• Kyodo

  • SHARE

Renesas Electronics Corp. said Monday it is considering acquiring U.S. chipmaker Intersil Corp., but revealed few details of the prospective deal.

The acquisition could be worth hundreds of billions of yen and an agreement may be reached as early as this month, sources with knowledge of the matter said.

Renesas Electronics, which has undergone restructuring of its unprofitable operations, is now aiming to bolster its automotive chip business amid expected growth in demand for automotive devices worldwide. Automakers are scrambling to develop more advanced fuel-efficient cars and automated driving technology.

Intersil, which sells power-saving semiconductors, has strength in automotive as well as industrial chips. In the business year through December 2015, the U.S. chipmaker had $521.60 million in sales.

Renesas Electronics said in a statement that it is looking at various options including an Intersil purchase but said no final decision has been made.

The Japanese chipmaker was created in 2010 when NEC Electronics Corp. merged with Renesas Technology Corp.

Hitachi Ltd. and Mitsubishi Electric Corp. integrated their semiconductor businesses to create Renesas Technology in 2003.

Hurt by the earthquakes in Kyushu in April and the recent rise in the strength of the yen, the semiconductor firm reported ¥9.98 billion in net profit, down 66.6 percent from a year earlier, as sales dropped 15.2 percent to ¥151.98 billion in the April to June quarter.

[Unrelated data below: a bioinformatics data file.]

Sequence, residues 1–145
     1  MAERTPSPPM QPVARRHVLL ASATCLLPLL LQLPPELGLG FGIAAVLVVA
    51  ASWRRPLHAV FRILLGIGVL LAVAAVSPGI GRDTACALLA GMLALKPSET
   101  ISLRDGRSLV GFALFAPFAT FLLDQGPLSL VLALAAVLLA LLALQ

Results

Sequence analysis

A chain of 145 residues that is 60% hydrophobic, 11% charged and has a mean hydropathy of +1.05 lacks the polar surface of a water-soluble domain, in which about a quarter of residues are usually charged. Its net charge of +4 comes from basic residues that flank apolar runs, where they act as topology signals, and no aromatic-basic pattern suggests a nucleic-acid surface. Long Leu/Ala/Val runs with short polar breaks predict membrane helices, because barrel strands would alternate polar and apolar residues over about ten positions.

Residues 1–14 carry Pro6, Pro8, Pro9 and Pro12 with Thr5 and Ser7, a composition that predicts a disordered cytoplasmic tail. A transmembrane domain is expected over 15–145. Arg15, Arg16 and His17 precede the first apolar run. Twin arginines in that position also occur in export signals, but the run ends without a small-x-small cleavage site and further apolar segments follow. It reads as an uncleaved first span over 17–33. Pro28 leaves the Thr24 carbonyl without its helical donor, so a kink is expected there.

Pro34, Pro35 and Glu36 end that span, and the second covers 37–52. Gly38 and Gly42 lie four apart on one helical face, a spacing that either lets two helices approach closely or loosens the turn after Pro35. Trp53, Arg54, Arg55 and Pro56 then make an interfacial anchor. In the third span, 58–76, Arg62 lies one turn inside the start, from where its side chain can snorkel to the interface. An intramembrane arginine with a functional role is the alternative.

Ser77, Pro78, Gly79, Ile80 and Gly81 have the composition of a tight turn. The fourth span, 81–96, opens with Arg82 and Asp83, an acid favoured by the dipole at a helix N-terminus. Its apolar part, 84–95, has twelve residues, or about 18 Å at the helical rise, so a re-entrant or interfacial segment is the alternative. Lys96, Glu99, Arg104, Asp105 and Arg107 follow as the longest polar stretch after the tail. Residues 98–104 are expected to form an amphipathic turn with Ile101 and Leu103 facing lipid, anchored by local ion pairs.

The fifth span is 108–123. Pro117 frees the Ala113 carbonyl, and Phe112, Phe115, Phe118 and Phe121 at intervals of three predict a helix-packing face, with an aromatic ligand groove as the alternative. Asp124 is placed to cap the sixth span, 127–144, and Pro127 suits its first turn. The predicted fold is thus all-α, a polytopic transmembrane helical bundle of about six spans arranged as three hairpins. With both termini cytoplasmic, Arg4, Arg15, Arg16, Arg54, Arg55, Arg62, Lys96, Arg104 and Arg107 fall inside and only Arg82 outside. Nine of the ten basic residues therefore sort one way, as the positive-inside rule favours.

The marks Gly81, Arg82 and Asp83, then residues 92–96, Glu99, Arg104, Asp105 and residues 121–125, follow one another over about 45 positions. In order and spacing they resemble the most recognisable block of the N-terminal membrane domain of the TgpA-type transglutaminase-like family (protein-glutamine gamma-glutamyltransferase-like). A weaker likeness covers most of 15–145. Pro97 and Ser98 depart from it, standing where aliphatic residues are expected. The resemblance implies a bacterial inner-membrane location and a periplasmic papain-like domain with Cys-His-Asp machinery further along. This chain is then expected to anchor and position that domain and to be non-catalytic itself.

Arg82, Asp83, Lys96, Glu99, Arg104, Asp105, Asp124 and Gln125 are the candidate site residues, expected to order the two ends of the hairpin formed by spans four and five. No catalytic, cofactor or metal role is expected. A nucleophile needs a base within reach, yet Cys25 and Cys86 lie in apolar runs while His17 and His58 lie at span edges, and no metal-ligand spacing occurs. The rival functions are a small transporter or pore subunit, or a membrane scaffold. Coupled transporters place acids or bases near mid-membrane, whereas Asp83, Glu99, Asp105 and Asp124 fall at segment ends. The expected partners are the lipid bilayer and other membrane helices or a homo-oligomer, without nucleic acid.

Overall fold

Since becoming president in June, Bunsei Kure, who once headed major auto parts maker Calsonic Kansei Corp., has expressed hope he can strengthen its overseas business.

The Innovation Network Corporation of Japan, a turnaround fund backed by the government, is considering selling its stake in Renesas Electronics, sources close to the matter said earlier.

The fund has been a major shareholder since its investment in 2013 in Renesas Electronics, which suffered serious factory damage in the aftermath of the 2011 quake.

In a time of both misinformation and too much information, quality journalism is more crucial than ever.
By subscribing, you can help us get the story right.

SUBSCRIBE NOW

PHOTO GALLERY (CLICK TO ENLARGE)